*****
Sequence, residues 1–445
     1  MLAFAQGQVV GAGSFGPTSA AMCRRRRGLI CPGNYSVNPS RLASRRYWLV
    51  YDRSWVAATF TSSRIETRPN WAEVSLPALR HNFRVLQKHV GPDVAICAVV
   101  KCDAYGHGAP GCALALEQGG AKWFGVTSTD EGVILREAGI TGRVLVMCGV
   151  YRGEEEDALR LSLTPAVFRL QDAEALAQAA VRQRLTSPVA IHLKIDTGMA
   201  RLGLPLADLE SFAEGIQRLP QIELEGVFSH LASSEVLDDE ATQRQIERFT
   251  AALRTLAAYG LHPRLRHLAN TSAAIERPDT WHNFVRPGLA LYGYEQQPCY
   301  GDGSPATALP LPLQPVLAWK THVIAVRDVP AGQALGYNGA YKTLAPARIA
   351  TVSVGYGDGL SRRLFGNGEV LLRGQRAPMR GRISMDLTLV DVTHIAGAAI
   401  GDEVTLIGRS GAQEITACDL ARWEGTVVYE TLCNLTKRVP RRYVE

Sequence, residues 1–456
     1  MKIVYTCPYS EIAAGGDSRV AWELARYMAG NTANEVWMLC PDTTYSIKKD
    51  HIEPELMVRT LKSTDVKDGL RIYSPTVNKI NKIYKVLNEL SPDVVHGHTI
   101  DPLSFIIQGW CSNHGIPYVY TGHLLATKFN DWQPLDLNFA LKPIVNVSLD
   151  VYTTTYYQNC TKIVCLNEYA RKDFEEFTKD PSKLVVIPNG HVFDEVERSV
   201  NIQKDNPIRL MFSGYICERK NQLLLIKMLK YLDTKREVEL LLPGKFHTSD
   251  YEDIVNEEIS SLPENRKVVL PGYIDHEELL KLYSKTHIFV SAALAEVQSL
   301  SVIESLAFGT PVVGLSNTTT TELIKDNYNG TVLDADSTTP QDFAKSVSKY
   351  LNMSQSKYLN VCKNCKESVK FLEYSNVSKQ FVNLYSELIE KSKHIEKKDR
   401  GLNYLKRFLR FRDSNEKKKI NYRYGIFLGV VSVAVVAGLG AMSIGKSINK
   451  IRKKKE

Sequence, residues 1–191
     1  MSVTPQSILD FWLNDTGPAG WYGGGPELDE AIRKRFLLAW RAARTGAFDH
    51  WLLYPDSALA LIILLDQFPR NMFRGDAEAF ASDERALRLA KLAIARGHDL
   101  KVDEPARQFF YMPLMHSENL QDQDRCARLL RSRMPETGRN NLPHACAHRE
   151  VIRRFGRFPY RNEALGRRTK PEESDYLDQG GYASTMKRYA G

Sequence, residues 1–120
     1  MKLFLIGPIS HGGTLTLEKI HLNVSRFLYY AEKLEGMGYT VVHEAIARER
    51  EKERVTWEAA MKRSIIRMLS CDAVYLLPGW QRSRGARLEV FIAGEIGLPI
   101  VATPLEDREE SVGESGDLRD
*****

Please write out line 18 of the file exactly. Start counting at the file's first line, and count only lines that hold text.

   301  SVIESLAFGT PVVGLSNTTT TELIKDNYNG TVLDADSTTP QDFAKSVSKY